President Dalia Grybauskaitė met with the President of Parliament and Acting President of Moldova, Marian Lupu, and Prime Minister Vlad Filat to discuss bilateral relations, cooperation between Moldova and the European Union, Moldova's progress in implementing fundamental domestic structural reforms, and possible ways of resolving the protracted conflict in Transnistria.
The Kremlin strives to win in moldovan elections with former allies.
Moldova should have held a Constitutional Referendum on the procedure of Presidential Elections. However due to extremely low voter turnout (less than 30% of voters came) the plebiscite was announced as failed. Already in few weeks Moldavian Parliament will be released and on November 21st the country will hold the third early Parliamentary Elections.
Although the air outside is hot and dry—part of a heat wave scorching Russia and neighboring Ukraine—it is cool, dark, and slightly damp in the sandstone caverns beneath Milestii Mici, Moldova’s largest winery. Along seemingly endless underground boulevards, Soviet-era lighting and updated signs point the way to underground galleries housing millions of liters of meticulously produced and preserved wine in bottles and oak barrels—just part of the winery’s two-million-bottle collection, acknowledged by Guinness as the world’s largest.
Moldova’s constitutional referendum, held on September 5, has failed due to lacking a quorum, with only 29 percent voter turnout. The failure has triggered a full-blown crisis of legitimacy for the political system in general and the governing authorities in particular.
The crash of Moldova’s experiment with a parliamentary system of government, predictable though it was, could not have occurred at a worse time for the country. When this experiment had first collapsed in 2000, Moldova still had a margin for error at its disposal, sheltered as it then was from direct Russian intrusion into its domestic politics. Even so, that first collapse of the parliamentary system ushered in eight years of Communist Party rule (2001-2009). This preserved the parliamentary republic pro forma while operating as a presidential republic de facto. The communists remain the single strongest party by far in the electorate and in parliament; and their leader, former President Vladimir Voronin, remains the most popular politician (although their ratings are in long-term decline)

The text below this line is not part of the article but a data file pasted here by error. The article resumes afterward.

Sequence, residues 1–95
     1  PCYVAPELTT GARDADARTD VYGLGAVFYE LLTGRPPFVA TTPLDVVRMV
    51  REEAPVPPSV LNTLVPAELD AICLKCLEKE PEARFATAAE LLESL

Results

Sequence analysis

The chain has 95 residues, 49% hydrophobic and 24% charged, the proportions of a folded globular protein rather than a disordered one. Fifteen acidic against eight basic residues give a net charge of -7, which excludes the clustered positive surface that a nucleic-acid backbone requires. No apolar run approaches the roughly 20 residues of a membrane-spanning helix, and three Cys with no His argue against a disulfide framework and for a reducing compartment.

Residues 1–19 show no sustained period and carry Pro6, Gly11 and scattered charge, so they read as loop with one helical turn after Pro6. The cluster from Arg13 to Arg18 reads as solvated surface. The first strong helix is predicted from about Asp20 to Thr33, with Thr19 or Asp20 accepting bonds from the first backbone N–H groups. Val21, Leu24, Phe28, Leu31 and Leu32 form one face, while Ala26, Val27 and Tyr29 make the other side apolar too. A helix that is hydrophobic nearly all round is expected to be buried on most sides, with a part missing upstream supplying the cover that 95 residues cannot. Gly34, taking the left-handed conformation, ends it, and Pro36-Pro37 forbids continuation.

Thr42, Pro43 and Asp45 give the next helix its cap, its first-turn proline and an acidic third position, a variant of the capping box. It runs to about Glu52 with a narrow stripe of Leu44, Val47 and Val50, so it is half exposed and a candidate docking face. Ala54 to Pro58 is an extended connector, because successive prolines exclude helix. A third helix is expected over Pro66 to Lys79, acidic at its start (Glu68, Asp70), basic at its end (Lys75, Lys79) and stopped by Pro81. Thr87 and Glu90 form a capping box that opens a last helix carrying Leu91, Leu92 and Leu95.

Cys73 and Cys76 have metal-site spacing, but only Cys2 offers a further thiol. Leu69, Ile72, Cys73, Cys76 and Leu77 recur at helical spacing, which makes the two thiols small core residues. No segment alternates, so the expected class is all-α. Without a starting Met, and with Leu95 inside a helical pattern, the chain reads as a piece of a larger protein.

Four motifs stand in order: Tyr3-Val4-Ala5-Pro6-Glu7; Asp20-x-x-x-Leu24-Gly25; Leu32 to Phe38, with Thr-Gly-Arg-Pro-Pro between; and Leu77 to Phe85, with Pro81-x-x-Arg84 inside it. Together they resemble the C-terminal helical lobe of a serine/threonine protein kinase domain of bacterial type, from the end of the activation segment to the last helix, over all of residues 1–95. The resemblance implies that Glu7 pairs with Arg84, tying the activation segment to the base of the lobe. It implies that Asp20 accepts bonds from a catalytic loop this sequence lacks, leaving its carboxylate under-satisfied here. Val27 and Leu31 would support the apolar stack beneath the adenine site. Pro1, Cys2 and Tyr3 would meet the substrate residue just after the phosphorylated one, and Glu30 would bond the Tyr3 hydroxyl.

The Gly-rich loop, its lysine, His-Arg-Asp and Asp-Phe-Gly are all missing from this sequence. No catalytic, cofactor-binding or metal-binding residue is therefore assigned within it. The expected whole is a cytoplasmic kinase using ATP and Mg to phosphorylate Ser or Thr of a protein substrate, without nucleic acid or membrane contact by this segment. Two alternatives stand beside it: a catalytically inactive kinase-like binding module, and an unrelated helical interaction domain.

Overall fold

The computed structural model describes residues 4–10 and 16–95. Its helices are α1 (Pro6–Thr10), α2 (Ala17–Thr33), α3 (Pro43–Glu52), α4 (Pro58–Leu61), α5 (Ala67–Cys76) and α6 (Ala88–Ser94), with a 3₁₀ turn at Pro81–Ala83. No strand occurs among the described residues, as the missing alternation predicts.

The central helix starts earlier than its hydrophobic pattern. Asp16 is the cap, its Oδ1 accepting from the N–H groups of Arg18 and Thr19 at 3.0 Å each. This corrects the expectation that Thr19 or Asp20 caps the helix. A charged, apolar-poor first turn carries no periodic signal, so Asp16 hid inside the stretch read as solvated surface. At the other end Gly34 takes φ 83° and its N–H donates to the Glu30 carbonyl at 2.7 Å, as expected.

After a walkout by opposition Communists, Moldova's parliament failed to elect a president in its second try since November, plunging Europe's poorest country further into uncertainty.
The Republic of Moldova surprised many in April when youths took control of Chisinau's main square, Piata Marii Adunari Nationale. The young Moldovans protested against the Communist-controlled government’s way of conducting parliamentary election.
The murky world of Moldovan politics has become murkier still with acting President Vladimir Voronin's announcement that he will resign that post if his Communist Party officially goes into the opposition, as it is almost certain to do.
Followers of the Moldovan elections can be forgiven for feeling the results have been something of an anticlimax.